What does this mean for OpenCart and MultiMerch users?
Things we know about OpenCart 3
Generally, OpenCart is known for publishing new releases without much fuss and without much information. The official release blog post states the following improvements.
In-app extension marketplace
OpenCart 3 comes with an in-app extension marketplace which will make it possible for store owners to download and purchase OpenCart extensions directly from the administration area.
While this sounds good in theory, OpenCart still lacks a unified standard for third party extension developers and many popular extensions come with OCMOD/vQmod code, custom setup procedures and possible conflicts with OpenCart core, third party themes and other plugins – which means a high chance of ending up with a broken store after installing a custom plugin. Let's see how this works out in practice.
Crowdin translation integration
OpenCart 3 now includes a new section in the admin area that allows looking for and installing translations from Crowdin, a crowdsourcing translation project.
This should make it easier for store owners to contribute to and install new translations directly from Crowdin. The drawback is that OpenCart lacks proper translations on Crowdin – there are only a few dozen languages and most of them are unfinished. So, to run a decent OpenCart-based store in most languages store owners will still need to turn to professional third party translations available elsewhere.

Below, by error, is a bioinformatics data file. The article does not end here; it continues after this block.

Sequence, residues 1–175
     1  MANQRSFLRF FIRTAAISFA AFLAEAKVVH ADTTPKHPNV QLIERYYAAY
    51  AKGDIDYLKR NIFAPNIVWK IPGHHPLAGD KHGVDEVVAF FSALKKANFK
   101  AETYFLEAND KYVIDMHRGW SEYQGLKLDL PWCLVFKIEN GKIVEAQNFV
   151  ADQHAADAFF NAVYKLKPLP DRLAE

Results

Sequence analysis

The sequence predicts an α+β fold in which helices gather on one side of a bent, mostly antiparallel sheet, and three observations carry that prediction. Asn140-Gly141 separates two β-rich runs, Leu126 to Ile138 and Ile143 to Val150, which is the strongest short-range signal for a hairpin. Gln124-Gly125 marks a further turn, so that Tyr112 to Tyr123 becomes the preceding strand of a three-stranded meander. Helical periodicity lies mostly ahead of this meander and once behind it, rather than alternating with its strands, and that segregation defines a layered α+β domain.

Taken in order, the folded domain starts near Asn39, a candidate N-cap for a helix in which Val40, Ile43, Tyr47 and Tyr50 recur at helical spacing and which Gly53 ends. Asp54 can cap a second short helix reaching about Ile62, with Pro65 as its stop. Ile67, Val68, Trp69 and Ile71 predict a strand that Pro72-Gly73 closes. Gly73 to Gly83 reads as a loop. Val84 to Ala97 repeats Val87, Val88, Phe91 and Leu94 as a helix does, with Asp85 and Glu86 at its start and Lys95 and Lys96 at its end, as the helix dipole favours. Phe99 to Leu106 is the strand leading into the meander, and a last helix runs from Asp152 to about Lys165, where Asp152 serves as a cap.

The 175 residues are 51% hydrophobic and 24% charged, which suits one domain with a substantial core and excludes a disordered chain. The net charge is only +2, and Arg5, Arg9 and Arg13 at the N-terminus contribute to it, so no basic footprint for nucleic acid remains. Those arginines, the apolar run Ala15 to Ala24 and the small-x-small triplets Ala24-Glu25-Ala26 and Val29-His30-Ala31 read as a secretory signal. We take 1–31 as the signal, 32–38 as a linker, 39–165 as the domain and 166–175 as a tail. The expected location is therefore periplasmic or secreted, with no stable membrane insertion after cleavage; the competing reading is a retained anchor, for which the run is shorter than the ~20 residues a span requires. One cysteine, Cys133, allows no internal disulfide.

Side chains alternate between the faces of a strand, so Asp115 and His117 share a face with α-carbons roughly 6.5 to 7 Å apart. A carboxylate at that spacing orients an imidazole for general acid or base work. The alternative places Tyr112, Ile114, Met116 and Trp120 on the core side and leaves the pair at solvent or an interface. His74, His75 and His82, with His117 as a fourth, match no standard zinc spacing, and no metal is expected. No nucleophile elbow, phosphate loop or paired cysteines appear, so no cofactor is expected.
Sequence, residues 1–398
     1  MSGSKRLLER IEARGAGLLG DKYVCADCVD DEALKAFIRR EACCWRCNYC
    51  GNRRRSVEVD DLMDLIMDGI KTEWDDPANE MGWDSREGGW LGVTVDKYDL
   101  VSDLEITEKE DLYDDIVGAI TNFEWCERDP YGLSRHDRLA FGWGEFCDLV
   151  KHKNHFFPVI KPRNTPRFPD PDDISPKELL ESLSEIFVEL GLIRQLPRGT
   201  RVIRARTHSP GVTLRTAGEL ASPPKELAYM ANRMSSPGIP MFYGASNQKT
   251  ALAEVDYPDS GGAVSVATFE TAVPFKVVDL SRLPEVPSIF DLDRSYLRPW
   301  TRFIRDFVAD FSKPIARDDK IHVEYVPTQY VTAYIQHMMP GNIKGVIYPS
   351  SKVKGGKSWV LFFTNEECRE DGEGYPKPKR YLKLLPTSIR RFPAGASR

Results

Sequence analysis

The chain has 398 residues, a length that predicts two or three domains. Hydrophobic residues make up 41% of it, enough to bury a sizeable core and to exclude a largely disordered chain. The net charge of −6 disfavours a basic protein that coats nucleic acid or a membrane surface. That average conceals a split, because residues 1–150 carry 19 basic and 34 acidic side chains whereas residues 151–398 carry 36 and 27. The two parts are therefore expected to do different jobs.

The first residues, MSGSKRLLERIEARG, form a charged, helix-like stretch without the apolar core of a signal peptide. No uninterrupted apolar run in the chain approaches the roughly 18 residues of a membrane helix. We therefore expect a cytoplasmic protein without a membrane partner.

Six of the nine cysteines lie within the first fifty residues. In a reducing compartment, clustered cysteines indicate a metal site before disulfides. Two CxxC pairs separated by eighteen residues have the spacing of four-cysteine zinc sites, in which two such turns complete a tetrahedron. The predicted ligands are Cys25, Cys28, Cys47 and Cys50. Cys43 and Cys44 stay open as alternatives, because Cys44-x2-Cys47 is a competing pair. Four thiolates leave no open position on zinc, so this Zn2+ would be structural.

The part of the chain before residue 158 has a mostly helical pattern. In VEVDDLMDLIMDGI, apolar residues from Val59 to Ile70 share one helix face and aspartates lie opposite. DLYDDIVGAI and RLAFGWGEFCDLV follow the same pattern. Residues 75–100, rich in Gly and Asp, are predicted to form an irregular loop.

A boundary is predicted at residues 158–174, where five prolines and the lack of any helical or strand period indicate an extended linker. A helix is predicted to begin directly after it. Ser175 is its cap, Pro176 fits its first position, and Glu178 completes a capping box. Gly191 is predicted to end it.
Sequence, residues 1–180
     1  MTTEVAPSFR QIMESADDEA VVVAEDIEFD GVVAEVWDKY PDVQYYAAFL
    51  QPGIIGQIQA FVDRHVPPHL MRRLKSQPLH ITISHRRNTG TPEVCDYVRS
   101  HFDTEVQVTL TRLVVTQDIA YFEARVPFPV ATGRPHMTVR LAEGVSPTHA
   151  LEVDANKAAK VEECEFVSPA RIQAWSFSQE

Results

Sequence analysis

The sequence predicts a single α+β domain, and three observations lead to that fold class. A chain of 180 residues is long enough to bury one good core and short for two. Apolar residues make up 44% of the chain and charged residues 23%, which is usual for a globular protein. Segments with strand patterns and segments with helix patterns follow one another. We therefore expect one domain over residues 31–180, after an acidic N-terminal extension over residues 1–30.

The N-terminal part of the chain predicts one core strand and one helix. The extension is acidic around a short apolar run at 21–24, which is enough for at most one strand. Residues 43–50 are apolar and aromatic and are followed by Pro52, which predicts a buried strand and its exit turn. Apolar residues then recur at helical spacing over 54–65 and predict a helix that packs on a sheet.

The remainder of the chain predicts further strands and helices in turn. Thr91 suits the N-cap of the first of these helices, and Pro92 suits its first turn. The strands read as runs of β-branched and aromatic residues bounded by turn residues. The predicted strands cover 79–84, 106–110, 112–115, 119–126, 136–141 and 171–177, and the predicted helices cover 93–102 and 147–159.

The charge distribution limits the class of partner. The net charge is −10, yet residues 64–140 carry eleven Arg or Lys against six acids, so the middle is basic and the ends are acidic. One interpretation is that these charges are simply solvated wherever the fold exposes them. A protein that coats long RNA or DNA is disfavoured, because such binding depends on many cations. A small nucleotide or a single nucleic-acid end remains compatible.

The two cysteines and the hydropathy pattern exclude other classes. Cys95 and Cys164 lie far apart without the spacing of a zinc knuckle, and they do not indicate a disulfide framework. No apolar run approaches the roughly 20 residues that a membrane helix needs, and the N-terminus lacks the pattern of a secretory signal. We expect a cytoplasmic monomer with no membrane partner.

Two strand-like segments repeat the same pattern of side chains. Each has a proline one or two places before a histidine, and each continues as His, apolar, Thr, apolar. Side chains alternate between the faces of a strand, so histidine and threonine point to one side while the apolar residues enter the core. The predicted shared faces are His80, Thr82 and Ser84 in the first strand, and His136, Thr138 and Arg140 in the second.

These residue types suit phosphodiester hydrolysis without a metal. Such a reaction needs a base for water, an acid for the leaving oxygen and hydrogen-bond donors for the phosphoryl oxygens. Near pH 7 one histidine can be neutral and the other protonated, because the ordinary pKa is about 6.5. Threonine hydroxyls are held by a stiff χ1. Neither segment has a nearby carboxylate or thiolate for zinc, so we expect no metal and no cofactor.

Theme and language editors
OpenCart 3 makes it possible to edit theme and language files via Theme and Language editors. On one hand, this means it will now be easier for OpenCart store owners to modify their stores without having to resort to file editing via FTP. On the other hand, modifying template and language files is still a technical process and doing this without any technical knowledge will often lead to – again – a broken store.
Twig as the new PHP template language
This one's mostly intended for developers, but OpenCart now makes Twig the default template language instead of pure phtml. This means third party extensions and templates will need to be rewritten into Twig before they can be used with OpenCart 3.
While many developers have been working on this since early OpenCart 3 alpha versions, it may still take months before most third party extensions and themes are available for OpenCart 3 in Twig. Meanwhile, it's still possible to use both Twig and regular phtml.
No proper upgrade procedure from OpenCart 2 yet
Even though OpenCart 3 is presented as a stable version, apparently the default upgrade script has issues that prevent users from properly upgrading to OpenCart 3.
Still, even when the upgrade script is updated, the issue with third party themes, extensions and modifications remains open. It appears that live store OpenCart 2 to OpenCart 3 upgrade will again be a tedious manual process, pretty much like upgrading OpenCart 1 to OpenCart 2.